Madame Butterfly

“Madame Butterfly” was originally a two act opera that eventually turned into a three act opera about love, heartbreak and tragedy. “Madame Butterfly” was written by Giacomo Puccini. Puccini was an Italian composer and his collection of operas- particularly “Madame Butterfly”- now comprise the standard repertoire of most opera houses and academies. Puccini has been called “the greatest composer of Italian opera after Verdi.” Puccini was one of the first composers to create an opera in the realistic verismo style. “Madame Butterfly” is one of Puccini’s most famous operas written in this style. The verismo style of opera is a post-Romantic, ‘realist’ interpretation of a story- a drastic change from classic opera in the late 1800s.

The style of “verismo” is distinguished by it’s use of realistic depictions of common, everyday life. ‘Realist’ music tends to reject the historical and mythical subjects associated with classical Romanticism. Verismo music was a move away from the style of Romantic music and a move towards more realistic, relatable operas. Verismo style operas tend to be based on real-life situations with which the audience can relate. Puccini is credited as one of the first composers to use the verismo style.

The plot of “Madame Butterfly” revolves around the heartbreaking story of Cho-Cho San (Madame Butterfly), who falls in love with Lieutenant Pinkerton while he is in Japan. Pinkerton leaves San and for three years, Cho-Cho waits for him anxiously, hoping for the arrival of her loving husband. Cho-Cho has a surprise waiting for Pinkerton- they have a son together he does not know about. However, when Pinkerton arrives back in Japan, he arrives with an American bride on his arm and apologies ready for Cho-Cho. Pinkerton can not bear to break the news to Cho-Cho himself, so he forces his wife Kate to tell Cho-Cho the truth. In the end Cho-Cho is left with nothing but a broken heart and before Pinkerton can make things right, Cho-Cho takes her own life. “Madame Butterfly” is considered a staple of the standard operatic repertoire all over the globe and ranks number seven in the Operabase list of the most commonly performed operas worldwide.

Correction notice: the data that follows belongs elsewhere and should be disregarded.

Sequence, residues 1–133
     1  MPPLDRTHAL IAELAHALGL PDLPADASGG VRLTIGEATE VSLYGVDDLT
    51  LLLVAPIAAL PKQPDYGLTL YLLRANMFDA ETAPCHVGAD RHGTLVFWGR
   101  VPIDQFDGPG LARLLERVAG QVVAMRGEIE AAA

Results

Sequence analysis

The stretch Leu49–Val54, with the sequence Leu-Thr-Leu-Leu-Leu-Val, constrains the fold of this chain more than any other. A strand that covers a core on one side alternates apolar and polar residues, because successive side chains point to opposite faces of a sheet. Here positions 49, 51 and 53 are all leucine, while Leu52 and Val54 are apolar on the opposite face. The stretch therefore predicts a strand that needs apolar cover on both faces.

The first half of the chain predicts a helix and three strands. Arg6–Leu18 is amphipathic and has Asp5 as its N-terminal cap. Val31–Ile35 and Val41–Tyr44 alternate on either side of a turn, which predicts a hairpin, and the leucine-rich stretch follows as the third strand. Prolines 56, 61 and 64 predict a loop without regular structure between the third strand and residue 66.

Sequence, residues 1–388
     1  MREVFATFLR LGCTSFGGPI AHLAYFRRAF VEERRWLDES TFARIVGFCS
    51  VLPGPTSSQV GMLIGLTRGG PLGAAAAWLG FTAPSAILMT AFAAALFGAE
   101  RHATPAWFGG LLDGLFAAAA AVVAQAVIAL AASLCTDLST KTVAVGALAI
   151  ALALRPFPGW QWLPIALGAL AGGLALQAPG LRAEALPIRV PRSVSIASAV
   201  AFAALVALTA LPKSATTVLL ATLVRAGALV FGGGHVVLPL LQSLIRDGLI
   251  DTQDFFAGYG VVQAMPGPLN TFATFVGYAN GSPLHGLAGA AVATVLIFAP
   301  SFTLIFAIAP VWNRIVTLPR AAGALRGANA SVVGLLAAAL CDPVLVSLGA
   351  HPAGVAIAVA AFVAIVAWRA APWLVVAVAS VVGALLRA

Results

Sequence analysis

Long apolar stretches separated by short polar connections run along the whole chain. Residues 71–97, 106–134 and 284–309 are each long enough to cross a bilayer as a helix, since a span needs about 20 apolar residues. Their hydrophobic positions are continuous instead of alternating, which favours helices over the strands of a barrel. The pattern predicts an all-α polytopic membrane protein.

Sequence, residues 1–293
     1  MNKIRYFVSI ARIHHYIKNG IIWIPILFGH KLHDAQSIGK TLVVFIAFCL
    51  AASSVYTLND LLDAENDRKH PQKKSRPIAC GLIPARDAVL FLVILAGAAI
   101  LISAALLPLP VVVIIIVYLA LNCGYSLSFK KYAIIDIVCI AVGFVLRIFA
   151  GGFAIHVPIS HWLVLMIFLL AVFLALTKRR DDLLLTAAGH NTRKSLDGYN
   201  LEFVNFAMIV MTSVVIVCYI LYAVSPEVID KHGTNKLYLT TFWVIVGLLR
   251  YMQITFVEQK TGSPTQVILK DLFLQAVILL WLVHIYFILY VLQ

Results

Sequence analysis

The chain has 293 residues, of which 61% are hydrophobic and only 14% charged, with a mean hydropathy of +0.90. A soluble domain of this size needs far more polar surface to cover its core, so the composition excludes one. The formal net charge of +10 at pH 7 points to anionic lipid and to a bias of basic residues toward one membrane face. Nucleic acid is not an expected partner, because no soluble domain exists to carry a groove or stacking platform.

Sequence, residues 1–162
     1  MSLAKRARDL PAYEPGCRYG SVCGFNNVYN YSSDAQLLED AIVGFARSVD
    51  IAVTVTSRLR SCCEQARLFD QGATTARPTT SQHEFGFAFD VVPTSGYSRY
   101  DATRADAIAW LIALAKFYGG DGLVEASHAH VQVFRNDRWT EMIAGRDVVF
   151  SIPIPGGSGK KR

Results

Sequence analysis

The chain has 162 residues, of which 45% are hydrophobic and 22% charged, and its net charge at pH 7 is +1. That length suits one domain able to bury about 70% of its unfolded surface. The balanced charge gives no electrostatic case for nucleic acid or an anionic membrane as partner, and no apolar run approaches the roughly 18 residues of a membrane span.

The music throughout the opera “Madame Butterfly” plays just as pivotal a role in the opera as the acting and the characters themselves. One of the most fascinating features of the music is how it fits the stage picture seamlessly. It emphasizes the dramatic situation, intensifies the emotional expression of the text, and throughout the entire opera the music gives the appropriate atmosphere to what is happening on the stage.

Although the opera “Madame Butterfly” is divided into two main acts, the division of the second act into two parts by the fall of the curtain, as well as the instrumental introduction of each act gives the opera the feel of a three act play. There is no chorus in “Madame Butterfly”,  however the large orchestra plays a pivotal role in the play by dividing up the acts and creating interludes between the various scenes. Musical episodes in “Madame Butterfly” are eloquently coordinated with the actions occurring on the stage, creating a flow throughout the opera that makes it intriguing and engaging. In the opera “Madame Butterfly,” Puccini creates a beautiful balance between what is happening on stage and what is happening off stage. The orchestra serves almost as a character by weaving together the different scenes and helping the audience comprehend the emotion being conveyed on stage.

Puccini’s “Madame Butterfly” is one of the most recognized and performed opera across the globe, and for good reason. The entire play, from start to finish, consists of well developed characters and an intricately designed orchestra in order to create a beautiful and emotional story.

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